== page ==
In both threshold settings, we used a range [− 1, 1] for generating a set of thresholds for the following reasons. First, since overconcentration causes considerable decline of r as in Fig. 4, it is fruitless to set too large of a range, [− 20, 20] for example, that likely induces an overconcentration and voids in both sampling schema. Moreover, it might produce zero variance, which will induce division by zero in (4). Second, this study is a first attempt to examine the threshold effect on the decline of r; therefore, it is somewhat arbitrary because we should start from somewhere.
In each combination of four factors (ρ, data size, pairs of the number of categories, threshold settings), we computed Pearson’s correlation coefficient 1000 times. In this way, we utilized a total number of 16.38 billion (= 13 ρs × 3 data size × 21 pairs of the number of categories × 2 threshold settings × 10,000 threshold sets × 1000 times) correlation coefficients between two categorized variables.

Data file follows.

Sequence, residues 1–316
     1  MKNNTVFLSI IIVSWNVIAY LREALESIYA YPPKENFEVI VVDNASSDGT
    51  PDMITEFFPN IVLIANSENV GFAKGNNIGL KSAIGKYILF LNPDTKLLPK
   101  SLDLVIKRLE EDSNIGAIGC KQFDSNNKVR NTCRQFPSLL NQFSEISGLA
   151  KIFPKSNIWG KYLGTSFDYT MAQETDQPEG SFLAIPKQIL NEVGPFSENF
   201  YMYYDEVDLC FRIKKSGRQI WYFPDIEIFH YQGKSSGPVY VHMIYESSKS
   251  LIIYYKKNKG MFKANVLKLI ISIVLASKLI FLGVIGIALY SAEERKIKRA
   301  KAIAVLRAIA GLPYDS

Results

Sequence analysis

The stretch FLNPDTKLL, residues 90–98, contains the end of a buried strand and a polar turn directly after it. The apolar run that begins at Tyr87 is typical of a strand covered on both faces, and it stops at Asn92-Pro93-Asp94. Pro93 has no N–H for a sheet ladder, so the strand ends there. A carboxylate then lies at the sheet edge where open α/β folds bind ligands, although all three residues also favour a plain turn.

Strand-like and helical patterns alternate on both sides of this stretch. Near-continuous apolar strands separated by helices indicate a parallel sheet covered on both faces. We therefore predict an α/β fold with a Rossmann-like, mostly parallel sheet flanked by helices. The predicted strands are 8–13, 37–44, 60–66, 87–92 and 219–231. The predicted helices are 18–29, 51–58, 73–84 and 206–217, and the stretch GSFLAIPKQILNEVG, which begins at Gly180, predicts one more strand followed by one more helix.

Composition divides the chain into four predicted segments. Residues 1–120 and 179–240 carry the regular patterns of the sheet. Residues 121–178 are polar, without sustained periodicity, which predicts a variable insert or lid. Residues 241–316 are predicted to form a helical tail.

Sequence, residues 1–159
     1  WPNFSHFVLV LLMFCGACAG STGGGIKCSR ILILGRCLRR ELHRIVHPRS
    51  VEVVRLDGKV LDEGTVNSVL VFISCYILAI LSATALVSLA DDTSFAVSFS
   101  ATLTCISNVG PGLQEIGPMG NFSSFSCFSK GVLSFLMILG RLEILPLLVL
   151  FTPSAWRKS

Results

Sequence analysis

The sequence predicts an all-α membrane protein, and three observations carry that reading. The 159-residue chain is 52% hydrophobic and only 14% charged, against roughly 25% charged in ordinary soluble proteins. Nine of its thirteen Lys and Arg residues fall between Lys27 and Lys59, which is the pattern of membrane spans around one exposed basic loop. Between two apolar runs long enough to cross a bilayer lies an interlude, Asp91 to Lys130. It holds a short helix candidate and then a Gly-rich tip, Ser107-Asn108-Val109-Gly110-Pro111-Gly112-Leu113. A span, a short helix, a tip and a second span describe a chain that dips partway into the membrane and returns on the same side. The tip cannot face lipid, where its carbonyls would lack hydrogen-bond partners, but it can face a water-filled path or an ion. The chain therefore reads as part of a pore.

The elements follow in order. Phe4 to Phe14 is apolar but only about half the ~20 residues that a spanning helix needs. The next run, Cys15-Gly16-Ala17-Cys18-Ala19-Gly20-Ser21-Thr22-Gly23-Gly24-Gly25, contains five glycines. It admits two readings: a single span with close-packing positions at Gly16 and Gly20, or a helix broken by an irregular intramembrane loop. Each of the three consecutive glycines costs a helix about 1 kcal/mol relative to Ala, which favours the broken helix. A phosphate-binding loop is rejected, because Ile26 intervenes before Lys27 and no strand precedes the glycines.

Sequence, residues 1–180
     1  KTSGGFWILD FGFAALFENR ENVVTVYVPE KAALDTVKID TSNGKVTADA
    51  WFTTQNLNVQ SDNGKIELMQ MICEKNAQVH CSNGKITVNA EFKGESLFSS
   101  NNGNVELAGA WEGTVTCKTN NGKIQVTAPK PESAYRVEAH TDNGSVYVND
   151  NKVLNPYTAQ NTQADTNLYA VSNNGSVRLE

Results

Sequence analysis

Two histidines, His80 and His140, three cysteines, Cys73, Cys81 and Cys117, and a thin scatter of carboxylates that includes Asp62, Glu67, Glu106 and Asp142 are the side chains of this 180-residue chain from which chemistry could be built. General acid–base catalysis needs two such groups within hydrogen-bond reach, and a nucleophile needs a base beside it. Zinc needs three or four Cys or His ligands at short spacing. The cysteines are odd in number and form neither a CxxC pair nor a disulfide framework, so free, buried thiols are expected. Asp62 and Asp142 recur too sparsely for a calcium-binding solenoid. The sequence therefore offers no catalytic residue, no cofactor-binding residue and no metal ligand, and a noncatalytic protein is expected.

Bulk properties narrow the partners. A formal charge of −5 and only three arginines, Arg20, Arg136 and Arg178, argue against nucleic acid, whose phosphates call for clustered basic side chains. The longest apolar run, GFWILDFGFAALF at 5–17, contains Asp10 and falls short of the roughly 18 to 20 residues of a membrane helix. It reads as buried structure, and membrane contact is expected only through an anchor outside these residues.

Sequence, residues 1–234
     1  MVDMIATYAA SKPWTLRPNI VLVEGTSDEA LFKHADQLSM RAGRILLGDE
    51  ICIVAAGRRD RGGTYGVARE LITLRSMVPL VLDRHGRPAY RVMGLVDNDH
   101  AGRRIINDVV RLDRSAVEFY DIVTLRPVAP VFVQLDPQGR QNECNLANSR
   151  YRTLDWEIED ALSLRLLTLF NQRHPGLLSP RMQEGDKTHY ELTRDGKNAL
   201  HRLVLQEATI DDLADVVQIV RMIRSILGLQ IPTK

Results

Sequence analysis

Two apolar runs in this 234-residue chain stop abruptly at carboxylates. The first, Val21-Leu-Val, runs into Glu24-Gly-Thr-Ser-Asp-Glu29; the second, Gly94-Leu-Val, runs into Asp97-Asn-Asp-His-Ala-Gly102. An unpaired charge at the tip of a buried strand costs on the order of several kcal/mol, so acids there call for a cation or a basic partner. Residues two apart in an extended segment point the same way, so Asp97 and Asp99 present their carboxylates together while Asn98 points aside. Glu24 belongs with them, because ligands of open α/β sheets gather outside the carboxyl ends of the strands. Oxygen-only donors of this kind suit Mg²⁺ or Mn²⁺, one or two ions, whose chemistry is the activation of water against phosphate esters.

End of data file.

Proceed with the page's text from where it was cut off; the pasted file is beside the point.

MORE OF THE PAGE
5 Results
Comparing two threshold settings, the uniform setting caused more serious decline of r. For example, in the case where m = 3, n = 4, ρ = 0.9, and data size is 1024, the average value of r in the uniform setting was 0.726 while the value was 0.818 in the equal setting.